Excerpt from a work in progress (follow-up to 1st book which focused on earlier life as an actress). This new book is about becoming an artist and what that was all about. The writing of which I must say, is almost as exciting as doing the paintings themselves.
Portraits were a treasured way I connected to people beyond the surface. The concentration was intense. If it was my eye that noted shapes and shadows, it was my heart picking up feelings behind the form. The determining factor was always the inner being shaping the outer image. This was possible even from a thin, fragile stick of vine charcoal.
I read somewhere that Ad Reinhardt reportedly warned fellow artist Philip Pearlstein that he was responsible for the souls of all the people he painted. I would have shuddered to be held so accountable.
Still, there was no getting away from the revealing nature of portraiture—both for sitter and artist. I knew the truth of the saying that every portrait is a kind of self-portrait.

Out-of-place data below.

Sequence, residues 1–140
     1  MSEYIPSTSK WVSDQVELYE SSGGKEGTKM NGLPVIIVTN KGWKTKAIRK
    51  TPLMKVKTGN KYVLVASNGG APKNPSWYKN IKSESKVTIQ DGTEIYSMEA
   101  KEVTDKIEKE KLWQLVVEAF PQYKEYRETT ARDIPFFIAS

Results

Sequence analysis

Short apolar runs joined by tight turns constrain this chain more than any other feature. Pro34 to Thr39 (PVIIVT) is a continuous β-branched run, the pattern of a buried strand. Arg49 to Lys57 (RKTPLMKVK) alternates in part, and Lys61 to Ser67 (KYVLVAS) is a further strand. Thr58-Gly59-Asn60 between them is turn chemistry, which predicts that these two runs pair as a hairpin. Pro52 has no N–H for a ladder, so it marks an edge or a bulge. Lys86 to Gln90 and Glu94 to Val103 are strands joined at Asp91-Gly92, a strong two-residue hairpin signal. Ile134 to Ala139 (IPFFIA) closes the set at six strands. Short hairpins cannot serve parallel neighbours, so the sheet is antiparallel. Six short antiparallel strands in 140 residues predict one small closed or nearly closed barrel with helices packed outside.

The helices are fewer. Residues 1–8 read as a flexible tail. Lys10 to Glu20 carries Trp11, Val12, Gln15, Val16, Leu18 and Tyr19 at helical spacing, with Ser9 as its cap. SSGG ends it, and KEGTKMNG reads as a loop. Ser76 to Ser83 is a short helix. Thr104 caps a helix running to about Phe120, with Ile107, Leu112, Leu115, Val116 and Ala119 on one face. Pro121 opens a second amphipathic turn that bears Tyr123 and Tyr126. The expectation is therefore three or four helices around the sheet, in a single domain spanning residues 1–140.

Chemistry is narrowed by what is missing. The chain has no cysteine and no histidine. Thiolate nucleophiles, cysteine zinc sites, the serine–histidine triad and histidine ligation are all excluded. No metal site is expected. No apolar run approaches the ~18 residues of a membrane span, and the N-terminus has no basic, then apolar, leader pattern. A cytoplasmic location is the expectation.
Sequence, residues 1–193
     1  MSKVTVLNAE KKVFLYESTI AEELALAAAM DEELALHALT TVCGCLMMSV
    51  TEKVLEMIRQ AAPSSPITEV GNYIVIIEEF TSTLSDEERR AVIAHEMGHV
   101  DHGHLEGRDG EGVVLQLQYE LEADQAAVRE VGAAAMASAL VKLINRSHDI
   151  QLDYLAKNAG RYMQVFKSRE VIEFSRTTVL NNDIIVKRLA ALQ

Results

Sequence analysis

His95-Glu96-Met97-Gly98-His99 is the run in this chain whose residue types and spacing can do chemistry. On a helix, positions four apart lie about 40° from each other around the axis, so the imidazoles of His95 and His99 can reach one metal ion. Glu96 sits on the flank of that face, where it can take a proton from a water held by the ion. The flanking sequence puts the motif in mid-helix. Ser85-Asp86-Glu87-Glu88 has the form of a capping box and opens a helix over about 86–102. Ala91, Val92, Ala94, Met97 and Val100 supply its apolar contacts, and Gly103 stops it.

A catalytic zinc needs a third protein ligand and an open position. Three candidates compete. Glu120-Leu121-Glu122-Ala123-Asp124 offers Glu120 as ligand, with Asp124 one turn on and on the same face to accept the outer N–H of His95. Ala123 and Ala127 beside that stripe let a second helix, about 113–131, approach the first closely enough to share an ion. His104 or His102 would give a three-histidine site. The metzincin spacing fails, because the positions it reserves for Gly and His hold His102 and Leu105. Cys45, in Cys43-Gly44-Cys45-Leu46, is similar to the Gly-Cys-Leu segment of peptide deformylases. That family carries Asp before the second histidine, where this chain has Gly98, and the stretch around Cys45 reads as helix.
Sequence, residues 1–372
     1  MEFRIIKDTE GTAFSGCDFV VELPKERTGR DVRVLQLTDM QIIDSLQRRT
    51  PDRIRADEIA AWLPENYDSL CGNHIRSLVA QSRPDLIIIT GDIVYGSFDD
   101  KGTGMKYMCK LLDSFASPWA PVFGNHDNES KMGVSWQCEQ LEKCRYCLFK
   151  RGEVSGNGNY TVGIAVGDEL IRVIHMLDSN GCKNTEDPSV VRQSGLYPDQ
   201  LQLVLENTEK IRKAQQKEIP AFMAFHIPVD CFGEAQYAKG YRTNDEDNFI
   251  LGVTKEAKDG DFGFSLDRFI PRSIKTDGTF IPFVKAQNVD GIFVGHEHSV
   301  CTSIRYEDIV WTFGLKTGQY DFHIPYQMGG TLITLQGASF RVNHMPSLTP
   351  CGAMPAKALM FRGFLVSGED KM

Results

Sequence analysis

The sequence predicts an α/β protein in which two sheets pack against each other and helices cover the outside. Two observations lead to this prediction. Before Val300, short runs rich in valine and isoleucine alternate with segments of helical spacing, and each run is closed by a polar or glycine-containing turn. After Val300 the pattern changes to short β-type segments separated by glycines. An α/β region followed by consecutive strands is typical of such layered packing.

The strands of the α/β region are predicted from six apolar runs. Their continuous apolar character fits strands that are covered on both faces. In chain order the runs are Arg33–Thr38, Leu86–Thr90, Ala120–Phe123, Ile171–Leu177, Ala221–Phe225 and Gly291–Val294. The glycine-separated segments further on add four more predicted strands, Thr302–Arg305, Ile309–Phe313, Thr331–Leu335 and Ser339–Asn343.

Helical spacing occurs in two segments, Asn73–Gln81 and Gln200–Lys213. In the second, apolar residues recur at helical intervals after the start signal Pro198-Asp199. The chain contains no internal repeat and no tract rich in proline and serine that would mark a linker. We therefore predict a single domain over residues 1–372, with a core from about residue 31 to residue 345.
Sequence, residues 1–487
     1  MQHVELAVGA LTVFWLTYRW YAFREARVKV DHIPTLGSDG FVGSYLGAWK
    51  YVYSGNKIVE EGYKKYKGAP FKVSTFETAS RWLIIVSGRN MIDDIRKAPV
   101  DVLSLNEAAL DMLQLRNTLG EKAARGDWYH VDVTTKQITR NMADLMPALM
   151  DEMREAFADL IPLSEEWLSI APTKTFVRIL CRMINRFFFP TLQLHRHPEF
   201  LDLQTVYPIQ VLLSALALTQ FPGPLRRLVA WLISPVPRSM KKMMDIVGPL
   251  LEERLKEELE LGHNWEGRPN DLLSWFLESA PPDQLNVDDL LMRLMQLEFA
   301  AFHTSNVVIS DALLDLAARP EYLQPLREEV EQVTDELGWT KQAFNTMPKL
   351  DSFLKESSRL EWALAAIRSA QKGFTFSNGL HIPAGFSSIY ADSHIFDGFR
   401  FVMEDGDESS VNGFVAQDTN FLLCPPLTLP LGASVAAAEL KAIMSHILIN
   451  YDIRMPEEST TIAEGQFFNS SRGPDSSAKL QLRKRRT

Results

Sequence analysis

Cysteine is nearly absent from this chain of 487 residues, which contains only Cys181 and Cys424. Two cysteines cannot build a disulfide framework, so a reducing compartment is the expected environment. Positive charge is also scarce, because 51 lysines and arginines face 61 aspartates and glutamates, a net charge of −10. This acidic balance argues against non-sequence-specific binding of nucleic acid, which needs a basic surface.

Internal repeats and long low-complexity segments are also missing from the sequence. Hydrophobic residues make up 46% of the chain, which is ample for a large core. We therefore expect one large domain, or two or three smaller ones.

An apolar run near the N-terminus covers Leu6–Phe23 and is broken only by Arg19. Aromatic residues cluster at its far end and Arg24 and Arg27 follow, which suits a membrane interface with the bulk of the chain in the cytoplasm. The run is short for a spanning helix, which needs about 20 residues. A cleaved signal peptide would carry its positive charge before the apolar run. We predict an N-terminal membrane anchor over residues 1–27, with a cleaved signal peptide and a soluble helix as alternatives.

We cannot see deeper into others than we have seen into ourselves. And if we have seen deeply, then we cannot help but witness a similar depth. Getting a likeness, what most would assume was the be all and end all of a portrait, was the least of it.
Who the person was, the nature of their character, was revealed in a myriad of ways over which I had no conscious control.
My hand had a will of its own. My thoughts were of no consequence. I might have studied skin and hair, eyes and noses, but I didn’t actually draw them.
What I drew was the light reflecting off them, in greater or lesser degrees.